Before you go shopping for a shiny new tractor or pickup truck, consider two things—whether to buy new or used, and whether to finance or lease.
It’s normal to want to purchase a brand-new machine. However, Farm Credit lenders—who finance everything from trucks and trailers to ATVs and hay balers— recommend that you assess the relevant criteria before closing the deal. What’s best for your neighbor might not be best for you.
Financing new or used equipment
Shaun Wied, vice president of lending in Capital Farm Credit’s Lubbock, Texas, office, says there are several factors a buyer should consider when deciding whether to buy new versus used equipment.
“A buyer should first determine what the primary purpose of the equipment will be,” Wied says. “What kind of demand will be placed on it—will it have weekend use, daily use? Does that demand level equal the higher price point for a new piece?”
Loans tailored to your needs
Second, Wied says, buyers need to consider their appetite for repairs, keeping in mind that a distinct advantage of new equipment is the warranty that can alleviate worry over costly fixes.
Whether you buy new or used also may depend on the availability of a specific make or model you want, particularly if high-quality used inventory is limited.
Wade Polk, branch manager in Central Texas Farm Credit’s San Angelo office, says that sometimes a customer may be looking for a specific piece of equipment, but it’s not necessarily the best fit for that person’s operation.
“As their lender, I’m vested in not only their purchases, but also in their operation, so fit is important,” Polk says. “If they are looking to grow their business, I want to help them think long term, and what that piece of equipment might be worth at the end of the note and on down the road.”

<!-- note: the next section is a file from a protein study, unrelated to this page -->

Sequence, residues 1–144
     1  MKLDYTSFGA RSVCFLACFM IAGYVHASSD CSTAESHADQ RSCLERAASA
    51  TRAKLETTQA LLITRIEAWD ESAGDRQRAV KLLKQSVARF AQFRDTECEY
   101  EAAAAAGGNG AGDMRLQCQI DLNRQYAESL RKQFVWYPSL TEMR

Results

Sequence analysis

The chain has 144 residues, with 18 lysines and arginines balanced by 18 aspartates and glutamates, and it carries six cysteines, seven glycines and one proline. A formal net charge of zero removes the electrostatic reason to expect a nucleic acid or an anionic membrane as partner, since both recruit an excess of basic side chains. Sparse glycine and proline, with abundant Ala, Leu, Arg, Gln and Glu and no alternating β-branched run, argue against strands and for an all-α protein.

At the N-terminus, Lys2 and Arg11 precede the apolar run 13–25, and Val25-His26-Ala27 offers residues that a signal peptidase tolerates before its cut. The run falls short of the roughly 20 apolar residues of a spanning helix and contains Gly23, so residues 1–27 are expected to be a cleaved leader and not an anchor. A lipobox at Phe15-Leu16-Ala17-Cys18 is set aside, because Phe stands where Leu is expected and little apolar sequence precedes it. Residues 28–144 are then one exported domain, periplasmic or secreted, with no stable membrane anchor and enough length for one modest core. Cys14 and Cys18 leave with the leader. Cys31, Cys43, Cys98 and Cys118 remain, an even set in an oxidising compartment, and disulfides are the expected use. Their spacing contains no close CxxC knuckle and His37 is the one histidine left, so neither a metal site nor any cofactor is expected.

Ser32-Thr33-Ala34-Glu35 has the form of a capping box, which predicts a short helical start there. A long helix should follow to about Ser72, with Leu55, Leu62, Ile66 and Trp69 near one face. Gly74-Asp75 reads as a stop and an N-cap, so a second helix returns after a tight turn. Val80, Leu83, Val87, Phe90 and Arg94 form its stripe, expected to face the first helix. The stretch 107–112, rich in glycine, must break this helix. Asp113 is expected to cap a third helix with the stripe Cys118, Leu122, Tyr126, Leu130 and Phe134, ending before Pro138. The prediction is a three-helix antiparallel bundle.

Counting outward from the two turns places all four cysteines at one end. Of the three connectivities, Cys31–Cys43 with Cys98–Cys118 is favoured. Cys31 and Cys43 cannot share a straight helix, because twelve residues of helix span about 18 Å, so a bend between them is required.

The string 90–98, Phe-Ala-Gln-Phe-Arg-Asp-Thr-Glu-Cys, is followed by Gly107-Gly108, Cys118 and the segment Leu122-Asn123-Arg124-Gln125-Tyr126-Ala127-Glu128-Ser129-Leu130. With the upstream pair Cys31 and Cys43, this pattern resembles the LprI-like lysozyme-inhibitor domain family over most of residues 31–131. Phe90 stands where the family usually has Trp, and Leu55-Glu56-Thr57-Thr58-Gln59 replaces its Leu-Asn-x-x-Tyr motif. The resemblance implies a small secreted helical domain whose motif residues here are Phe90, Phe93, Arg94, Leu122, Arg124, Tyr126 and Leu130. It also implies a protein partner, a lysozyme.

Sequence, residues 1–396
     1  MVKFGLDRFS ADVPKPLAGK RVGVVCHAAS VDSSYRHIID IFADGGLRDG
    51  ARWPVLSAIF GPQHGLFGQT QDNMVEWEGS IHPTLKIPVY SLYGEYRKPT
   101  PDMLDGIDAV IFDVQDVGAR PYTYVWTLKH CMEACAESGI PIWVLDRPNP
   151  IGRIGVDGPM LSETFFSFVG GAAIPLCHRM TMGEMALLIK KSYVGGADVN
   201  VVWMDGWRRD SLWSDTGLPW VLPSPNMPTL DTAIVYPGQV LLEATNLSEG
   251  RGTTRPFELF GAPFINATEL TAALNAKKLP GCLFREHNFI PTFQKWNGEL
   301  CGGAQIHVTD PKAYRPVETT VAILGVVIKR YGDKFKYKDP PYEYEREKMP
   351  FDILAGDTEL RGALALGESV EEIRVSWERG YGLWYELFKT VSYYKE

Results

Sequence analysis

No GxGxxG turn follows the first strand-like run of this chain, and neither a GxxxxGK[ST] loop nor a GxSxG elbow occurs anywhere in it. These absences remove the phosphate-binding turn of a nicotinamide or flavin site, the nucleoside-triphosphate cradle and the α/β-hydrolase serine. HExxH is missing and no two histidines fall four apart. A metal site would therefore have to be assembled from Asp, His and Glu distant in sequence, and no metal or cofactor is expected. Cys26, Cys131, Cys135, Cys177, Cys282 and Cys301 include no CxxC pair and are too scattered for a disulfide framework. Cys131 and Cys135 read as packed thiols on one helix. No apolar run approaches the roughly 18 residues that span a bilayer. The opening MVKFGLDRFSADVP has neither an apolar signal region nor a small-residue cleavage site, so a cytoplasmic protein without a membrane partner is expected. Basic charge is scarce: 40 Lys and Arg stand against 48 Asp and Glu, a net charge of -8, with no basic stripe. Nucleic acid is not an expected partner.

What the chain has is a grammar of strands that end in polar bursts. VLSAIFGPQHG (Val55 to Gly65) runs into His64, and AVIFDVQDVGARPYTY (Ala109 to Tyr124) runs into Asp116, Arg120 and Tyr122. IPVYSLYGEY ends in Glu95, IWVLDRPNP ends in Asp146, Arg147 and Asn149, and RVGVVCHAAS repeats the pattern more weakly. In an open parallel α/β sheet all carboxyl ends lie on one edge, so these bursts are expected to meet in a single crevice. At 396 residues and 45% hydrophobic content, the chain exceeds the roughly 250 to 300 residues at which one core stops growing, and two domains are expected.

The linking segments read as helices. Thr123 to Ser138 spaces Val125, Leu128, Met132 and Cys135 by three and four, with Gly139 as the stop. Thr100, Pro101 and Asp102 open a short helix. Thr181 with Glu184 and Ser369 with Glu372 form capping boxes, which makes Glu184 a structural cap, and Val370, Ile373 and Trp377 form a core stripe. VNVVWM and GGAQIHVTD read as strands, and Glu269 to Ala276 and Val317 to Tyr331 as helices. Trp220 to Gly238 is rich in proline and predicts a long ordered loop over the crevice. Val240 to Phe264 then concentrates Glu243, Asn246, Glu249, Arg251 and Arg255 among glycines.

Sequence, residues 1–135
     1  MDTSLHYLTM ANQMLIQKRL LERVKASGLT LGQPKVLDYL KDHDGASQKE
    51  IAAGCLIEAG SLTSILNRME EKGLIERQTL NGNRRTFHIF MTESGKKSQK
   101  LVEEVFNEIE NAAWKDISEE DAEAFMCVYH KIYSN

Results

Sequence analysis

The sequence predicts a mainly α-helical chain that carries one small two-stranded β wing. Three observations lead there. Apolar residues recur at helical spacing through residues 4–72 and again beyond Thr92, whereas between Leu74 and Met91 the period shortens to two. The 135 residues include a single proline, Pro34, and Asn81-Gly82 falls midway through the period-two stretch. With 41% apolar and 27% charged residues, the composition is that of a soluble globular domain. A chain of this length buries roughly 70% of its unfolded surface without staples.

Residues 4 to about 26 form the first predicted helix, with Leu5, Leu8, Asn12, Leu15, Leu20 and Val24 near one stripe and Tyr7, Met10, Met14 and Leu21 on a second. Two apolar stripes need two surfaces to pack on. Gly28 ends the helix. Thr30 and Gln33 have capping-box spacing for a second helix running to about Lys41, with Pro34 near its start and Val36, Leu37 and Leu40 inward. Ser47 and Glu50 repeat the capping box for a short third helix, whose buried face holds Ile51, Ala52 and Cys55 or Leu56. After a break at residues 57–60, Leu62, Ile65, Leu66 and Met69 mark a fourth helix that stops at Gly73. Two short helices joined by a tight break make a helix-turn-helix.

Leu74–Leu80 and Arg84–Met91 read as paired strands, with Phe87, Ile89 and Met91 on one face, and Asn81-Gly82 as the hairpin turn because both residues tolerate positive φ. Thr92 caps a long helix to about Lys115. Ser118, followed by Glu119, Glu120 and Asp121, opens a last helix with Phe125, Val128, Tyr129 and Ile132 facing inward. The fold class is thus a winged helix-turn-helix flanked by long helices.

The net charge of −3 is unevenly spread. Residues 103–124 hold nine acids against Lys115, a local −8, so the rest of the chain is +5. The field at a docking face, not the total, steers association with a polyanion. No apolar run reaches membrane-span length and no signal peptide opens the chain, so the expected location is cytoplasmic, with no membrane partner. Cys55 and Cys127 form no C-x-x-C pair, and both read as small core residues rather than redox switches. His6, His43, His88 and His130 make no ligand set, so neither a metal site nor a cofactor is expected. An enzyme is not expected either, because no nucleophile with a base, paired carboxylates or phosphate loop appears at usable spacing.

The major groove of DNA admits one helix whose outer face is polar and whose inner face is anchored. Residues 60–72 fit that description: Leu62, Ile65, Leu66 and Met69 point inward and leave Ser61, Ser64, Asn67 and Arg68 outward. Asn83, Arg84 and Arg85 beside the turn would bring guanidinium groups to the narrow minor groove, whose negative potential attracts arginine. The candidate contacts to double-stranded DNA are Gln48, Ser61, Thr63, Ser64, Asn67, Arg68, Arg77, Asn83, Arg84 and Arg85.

When it comes to financing equipment, there can be differences between purchasing new versus used. Farm Credit typically finances new equipment purchases on five- to seven-year notes, while loans for used equipment are generally structured for two to five years.
Polk adds that terms are tailored for an operation’s specific needs, and that a Farm Credit lender will consider a customer’s cash flow and production cycles when structuring a loan.
Kody Cox, branch manager in Texas Farm Credit’s Sulphur Springs office, reports that leasing is a viable option for many farmers and ranchers, specifically those who routinely trade out equipment or need continuous upgrades as part of normal operations. According to Cox, leasing could be a stronger cash flow option than traditional financing, while allowing terms that are similar to conventional loan terms.
Lease options include, but are not limited to:
- Residual amount at the end of the lease
- Length of the lease
- Ability to upgrade equipment relatively easily
Unlike a loan, however, a lease typically cannot be cancelled, thus the lessee is obligated to make all payments for the entire lease term as opposed to paying a loan off early.
While there are several factors to consider when you’re in the market for farm or ranch equipment, ultimately you should look at down payment requirements, tax advantages, terms and rates for financing versus leasing. It is also usually recommended that you discuss these options with your accountant.
Factors to consider before you buy
Financing new equipment requires a smaller down payment than financing used equipment. New equipment comes with a warranty that can reduce the stress of repairs.
The lower price on a used piece of equipment results in less money out
of pocket, since the down payment is calculated off the purchase price, and used equipment loans have shorter terms.
Leasing requires no down payment and can provide tax advantages, as a lease payment may be tax-deductible.
Article from Farm Credit Bank Of Texas for Land.com